There is a clear and growing national interest to change this by elevating the role of enrichment opportunities...

 
 
Max Eden

Last week, the first randomized control trial study of “restorative justice” in a major urban district, Pittsburgh Public Schools, was published by the RAND Corporation.

The results were curiously mixed. Suspensions went down in elementary but not middle schools. Teachers reported improved school safety, professional environment, and classroom management ability. But students disagreed. They thought their teachers’ classroom management deteriorated, and that students in class were less respectful and supportive of each other; at a lower confidence interval, they reported bullying and more instructional time lost to disruption. And although restorative justice is billed as a way to fight the “school-to-prison pipeline,” it had no impact on student arrests.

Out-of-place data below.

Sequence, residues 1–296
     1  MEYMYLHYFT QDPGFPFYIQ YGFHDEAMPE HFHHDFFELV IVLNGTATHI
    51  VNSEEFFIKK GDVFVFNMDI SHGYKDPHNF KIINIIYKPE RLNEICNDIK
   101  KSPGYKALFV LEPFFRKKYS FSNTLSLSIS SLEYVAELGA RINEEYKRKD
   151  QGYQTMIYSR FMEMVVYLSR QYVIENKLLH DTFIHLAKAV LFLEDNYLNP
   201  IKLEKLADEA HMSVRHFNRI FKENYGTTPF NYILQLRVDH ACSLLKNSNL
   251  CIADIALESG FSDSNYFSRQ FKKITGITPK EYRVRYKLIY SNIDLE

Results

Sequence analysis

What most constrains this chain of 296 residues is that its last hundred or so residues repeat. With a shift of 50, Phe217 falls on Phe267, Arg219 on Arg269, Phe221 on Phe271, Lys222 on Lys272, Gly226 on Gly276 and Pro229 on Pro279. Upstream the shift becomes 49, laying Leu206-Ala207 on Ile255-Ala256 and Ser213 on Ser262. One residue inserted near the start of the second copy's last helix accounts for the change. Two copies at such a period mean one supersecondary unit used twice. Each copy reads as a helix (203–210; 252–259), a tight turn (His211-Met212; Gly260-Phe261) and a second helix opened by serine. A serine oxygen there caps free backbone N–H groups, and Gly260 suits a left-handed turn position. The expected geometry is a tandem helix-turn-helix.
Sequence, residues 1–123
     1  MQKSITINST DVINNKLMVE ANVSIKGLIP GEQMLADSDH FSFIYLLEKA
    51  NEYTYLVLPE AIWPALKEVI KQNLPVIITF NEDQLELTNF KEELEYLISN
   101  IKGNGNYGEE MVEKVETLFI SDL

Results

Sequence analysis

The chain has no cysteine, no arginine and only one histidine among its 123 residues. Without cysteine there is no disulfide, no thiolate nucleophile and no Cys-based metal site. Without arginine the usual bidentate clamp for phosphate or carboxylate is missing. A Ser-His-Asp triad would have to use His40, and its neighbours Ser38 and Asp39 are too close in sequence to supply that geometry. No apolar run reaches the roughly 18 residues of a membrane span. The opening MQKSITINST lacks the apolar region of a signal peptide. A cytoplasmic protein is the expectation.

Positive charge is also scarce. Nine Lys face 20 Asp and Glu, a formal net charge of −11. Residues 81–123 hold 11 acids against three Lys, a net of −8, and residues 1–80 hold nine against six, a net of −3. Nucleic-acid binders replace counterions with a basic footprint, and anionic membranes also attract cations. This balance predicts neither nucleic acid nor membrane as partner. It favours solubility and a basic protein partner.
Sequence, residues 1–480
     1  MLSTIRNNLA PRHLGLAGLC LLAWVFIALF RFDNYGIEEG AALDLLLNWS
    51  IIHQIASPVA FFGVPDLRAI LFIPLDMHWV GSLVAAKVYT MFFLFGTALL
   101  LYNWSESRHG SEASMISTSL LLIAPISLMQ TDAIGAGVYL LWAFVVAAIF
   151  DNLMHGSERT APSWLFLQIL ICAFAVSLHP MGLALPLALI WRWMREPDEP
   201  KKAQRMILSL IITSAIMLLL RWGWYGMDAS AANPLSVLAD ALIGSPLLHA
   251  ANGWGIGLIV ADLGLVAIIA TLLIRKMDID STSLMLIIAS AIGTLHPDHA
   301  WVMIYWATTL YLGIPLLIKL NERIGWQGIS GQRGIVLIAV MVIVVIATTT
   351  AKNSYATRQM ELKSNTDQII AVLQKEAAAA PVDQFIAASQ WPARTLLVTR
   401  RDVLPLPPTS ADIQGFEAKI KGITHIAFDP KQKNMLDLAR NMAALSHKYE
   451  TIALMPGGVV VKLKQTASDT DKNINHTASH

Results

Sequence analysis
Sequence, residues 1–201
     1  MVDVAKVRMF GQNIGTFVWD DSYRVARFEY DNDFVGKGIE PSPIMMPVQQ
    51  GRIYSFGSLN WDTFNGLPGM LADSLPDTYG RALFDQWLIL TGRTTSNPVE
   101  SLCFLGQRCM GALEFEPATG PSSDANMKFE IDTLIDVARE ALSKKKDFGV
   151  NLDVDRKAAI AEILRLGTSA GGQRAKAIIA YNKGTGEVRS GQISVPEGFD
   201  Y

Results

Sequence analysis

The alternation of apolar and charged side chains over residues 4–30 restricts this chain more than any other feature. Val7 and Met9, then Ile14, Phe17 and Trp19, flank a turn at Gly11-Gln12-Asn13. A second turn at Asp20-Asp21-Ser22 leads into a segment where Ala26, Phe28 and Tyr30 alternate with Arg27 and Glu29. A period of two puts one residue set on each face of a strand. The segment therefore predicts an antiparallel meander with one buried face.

The most troubling thing: There were significant and substantial negative effects on math achievement for middle school students, black students, and students in schools that are predominantly black.

What are we to make of these results? For education journalists like U.S. News and World Report’s Lauren Camera, there’s an easy solution: Don’t report the negative findings and write an article titled “Study Contradicts Betsy DeVos’ Reason for Eliminating School Discipline Guidance.”

When asked why she left her readers in the dark regarding the negative effects on black student achievement,...

 
 

Each year, the Ohio Department of Education (ODE) releases a “challenged district list.” The list, based on criteria outlined in state law, determines in which of the state’s 608 school districts a new charter school can open. In the waning days of 2018, ODE released the latest and greatest version of the list.

After reviewing the list, here are a few takeaways worth noting.